You might remember that the GE Centricity Advance solution was actually created out of the purchase of MedPlexus in March 2010. At the time, MedPlexus had 100 employees out of California with the development team out of India. At the time of purchase it seemed GE’s acquisition would provide a SaaS based EHR option to the independent physician market. Plus, MedPlexus (which became GE Centricity Advance) also provided an integrated Practice Management System with the EHR.

The GE Centricity Advance website is already forwarding to the Centricity Practice Solution website and a letter was sent out to all Centricity Advance customers informing them that the product line was ceasing operation. I’ve asked for a copy of that letter and if I get it, I’ll add it to this post (or if you’re a customer that received it and doesn’t mind sharing we’d welcome it).

I was told that GE is offering Centricty Advance users a free transfer to their Centricity Practice Solution EHR software. From what they told me it seems this will include data migration, training on the new system and a license for Centricity Practice Solution. Of course, Centricity Advance was paid on a subscription model so they’ll have to continue paying the monthly fee. As with most data migrations, I don’t think we’ll know how good GE is at migrating the data from GE Centricity Advance to Centricity Practice Solution until they start to do them.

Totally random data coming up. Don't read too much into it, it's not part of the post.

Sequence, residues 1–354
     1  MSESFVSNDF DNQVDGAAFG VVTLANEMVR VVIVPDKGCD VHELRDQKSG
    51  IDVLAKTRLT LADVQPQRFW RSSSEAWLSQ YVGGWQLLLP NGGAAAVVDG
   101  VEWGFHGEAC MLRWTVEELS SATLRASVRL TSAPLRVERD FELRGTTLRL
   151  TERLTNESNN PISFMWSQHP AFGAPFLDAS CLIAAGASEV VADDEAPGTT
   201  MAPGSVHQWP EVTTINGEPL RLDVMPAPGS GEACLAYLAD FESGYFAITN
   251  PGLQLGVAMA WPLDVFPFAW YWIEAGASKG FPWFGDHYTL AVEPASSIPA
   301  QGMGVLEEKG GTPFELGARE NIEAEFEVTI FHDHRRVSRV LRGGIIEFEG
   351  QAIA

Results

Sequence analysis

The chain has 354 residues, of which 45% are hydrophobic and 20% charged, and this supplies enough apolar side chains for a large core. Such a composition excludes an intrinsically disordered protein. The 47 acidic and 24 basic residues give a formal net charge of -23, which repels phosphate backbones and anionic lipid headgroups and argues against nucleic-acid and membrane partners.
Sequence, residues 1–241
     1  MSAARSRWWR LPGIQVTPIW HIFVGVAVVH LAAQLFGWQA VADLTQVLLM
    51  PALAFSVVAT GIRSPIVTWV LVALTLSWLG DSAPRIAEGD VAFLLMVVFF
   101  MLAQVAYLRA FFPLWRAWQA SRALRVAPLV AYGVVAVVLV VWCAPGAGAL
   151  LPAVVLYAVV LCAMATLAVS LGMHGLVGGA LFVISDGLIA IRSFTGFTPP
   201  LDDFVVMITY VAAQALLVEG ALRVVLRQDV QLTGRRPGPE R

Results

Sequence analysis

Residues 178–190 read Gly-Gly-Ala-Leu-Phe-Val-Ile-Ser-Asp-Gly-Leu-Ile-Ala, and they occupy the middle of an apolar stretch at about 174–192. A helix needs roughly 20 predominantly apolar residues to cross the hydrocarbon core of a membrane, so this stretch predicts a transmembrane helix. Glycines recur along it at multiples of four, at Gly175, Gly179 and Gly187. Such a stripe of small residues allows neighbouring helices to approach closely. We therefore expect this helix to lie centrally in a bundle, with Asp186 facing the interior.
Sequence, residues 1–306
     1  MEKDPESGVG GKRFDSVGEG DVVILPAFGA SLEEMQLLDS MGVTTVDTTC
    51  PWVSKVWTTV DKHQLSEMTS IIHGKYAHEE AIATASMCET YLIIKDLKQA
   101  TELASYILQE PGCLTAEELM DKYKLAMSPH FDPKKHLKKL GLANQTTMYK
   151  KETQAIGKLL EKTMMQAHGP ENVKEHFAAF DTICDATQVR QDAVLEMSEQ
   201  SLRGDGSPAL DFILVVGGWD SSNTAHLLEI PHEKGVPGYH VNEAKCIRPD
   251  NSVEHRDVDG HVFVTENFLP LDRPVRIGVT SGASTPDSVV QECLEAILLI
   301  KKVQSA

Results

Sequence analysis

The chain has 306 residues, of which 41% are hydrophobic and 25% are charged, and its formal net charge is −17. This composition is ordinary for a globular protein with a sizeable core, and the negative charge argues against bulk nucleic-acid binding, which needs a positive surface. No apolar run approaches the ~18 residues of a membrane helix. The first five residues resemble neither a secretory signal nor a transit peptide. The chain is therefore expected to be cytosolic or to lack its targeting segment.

Since both Centricity Advance and Centricity Practice Solution have ONC-ATCB complete EHR certification, there shouldn’t be any problems for those that transfer to Centricity Practice Solution when it comes to EHR stimulus money. Those not wanting to move to the Centricity Practice Solution will have this as part of their decision on what to do once Centricity Advance is no longer supported. I expect there will be many in this situation since while Centricity Practice Solution is available through GE’s partners as a “SaaS” offering, I think many will want to find a true from the ground up web based SaaS EHR offering.

I asked how many providers would be effected by the end of the Centricity Advance product line, but it’s GE’s policy to not comment on those numbers.

Where does this leave GE Centricity EMR software?
GE Healthcare IT still does a couple billion dollars of business and still has three EMR software offerings:
*Centricity Practice Solution – The replacement for Centricity Advance and will be GE’s EMR offering for the 1-100 provider practices.
*Centricity EMR – Still ambulatory EMR, but for the 100+ provider practices.